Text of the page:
[Tex/LaTex] Algorithmic graph drawing with TikZ & PGF

graphstikz-graphdrawing

I'm trying out the algorithmic graph drawing capabilities of TikZ/PGF and initially I was very exited. However, now I am stuck.

My example is below. I think the graph would look better if node "J" was moved down and left and node "G" was moved inside the cycle A-I-J-F-A.

So far I have tried different random seeds and different random orders of the lines in the TeX-file. I have also tried to use absolute node positioning that the force directed drawing would fine-tune, but it never produced anything.

\documentclass{article}
\usepackage{tikz}
\usetikzlibrary{arrows.meta}
\usetikzlibrary{graphs,graphdrawing}
\usegdlibrary{force}
\begin{document}
\tikz \graph [spring layout, random seed=1] {
  A -- F;
  A -- G;
  A -- I;
  B -- F;
  C -- D;
  C -- F;
  D -- E;
  D -- H;
  D -- I;
  E -- I;
  F -- J;
  G -- I;
  G -- J;
  I -- J;
};
\end{document}

Simple graph

Best Answer

I see that you're using spring layout but it seems to me that the resulting graphic is more like distributed charges (electric charges) making me think that the spring electrical layout is more suiting. Just by using it you already see the difference in the final graph. Furthermore, to fine tune the graphic you can use the nudge=<coordinate> key (or the variants nudge up, down, left and right), although to mee it seems a little rudimentar, but if the drawing needs 'simple' nudges, than it's ok:

\documentclass[tikz,border=5mm]{standalone}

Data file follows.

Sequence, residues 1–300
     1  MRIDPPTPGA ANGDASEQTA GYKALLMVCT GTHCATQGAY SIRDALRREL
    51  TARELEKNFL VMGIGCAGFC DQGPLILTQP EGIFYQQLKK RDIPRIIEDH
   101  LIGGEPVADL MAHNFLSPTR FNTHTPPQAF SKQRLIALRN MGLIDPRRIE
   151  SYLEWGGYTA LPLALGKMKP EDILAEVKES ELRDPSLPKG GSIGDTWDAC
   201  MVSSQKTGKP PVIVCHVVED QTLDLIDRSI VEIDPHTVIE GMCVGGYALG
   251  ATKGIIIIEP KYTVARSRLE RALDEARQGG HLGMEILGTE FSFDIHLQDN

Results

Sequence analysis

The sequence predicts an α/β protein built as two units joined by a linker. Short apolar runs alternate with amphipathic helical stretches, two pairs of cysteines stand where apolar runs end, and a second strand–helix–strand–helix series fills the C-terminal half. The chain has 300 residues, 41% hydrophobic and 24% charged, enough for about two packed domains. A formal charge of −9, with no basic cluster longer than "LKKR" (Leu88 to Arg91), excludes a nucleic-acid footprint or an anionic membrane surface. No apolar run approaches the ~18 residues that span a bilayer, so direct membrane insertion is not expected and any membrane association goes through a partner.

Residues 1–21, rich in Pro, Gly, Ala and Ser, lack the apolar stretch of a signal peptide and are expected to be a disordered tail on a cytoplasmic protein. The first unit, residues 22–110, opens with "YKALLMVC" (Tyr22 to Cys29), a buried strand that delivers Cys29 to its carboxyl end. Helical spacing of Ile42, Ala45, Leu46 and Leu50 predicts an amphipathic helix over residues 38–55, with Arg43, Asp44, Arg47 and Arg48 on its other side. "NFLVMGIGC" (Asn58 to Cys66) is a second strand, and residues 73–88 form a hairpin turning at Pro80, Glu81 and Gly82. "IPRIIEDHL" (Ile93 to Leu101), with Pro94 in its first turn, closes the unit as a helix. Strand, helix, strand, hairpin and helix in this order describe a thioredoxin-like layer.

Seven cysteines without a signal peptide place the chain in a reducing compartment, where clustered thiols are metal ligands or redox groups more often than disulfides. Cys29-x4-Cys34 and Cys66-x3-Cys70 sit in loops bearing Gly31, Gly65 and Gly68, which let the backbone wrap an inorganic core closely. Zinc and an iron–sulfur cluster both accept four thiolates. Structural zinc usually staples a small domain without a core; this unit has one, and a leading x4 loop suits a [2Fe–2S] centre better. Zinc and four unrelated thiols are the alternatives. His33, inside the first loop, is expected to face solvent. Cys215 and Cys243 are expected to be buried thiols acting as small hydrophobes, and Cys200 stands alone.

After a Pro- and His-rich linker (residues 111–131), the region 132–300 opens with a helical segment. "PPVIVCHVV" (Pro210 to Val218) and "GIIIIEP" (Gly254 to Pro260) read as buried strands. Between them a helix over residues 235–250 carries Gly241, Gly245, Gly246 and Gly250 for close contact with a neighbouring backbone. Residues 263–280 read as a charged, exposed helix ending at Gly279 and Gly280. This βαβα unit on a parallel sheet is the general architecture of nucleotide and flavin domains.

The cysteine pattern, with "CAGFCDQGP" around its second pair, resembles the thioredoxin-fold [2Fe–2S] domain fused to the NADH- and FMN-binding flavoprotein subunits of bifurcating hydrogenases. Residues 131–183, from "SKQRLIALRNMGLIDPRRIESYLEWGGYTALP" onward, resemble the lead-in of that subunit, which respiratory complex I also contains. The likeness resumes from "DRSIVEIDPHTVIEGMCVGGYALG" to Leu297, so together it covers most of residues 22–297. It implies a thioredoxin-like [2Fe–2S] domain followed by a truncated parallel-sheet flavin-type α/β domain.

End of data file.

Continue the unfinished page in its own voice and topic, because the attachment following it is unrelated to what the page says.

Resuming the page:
\usetikzlibrary{graphs,graphdrawing}
\usegdlibrary{force}
\begin{document}
\tikz \graph [spring electrical layout, random seed=1] {
  A -- F;
  A -- I;
  B -- F;
  C -- D;
  C -- F;
  D -- E;
  D -- H;
  D -- I;
  E -- I;
  F -- J[nudge=(210:10mm)];
  I -- J;
  G[nudge=(260:11mm)] -- J;
  G -- A;
  G -- I;
};
\end{document}

enter image description here

You can alse try to set electric charges to the nodes, fine tunning the intensity they repell (positive values) or atract (negative values) the connected nodes. Though with this way the result is sometimes quite unpredictable.

Second Approach

If you look at the previous drawing seems that node J has an invisible connection with nodes C and D. The same could be said for the node G with F. My thought was, if I could make this invisible connection then the resulting graph would probably be what the OP wants without any nudges and with more reliable graph. To do so we must give the line-to operator (--) the option draw=none when making the Connections (I also took the liberty of shortening the code a little):

\documentclass[tikz,border=5mm]{standalone}
\usetikzlibrary{graphs,graphdrawing}
\usegdlibrary{force}
\begin{document}
\tikz \graph [spring electrical layout] {
  A -- F -- C -- D -- E -- I -- A;
  D -- I;
  B -- F;
  H -- D;
  I -- J -- F;
  I -- G -- A;
  G -- J;
  % invisible connections
  D --[draw=none] J --[draw=none] C;
  G --[draw=none] F;
};
\end{document}

The result is nearly the same as before, but should give no Errors this time:

enter image description here

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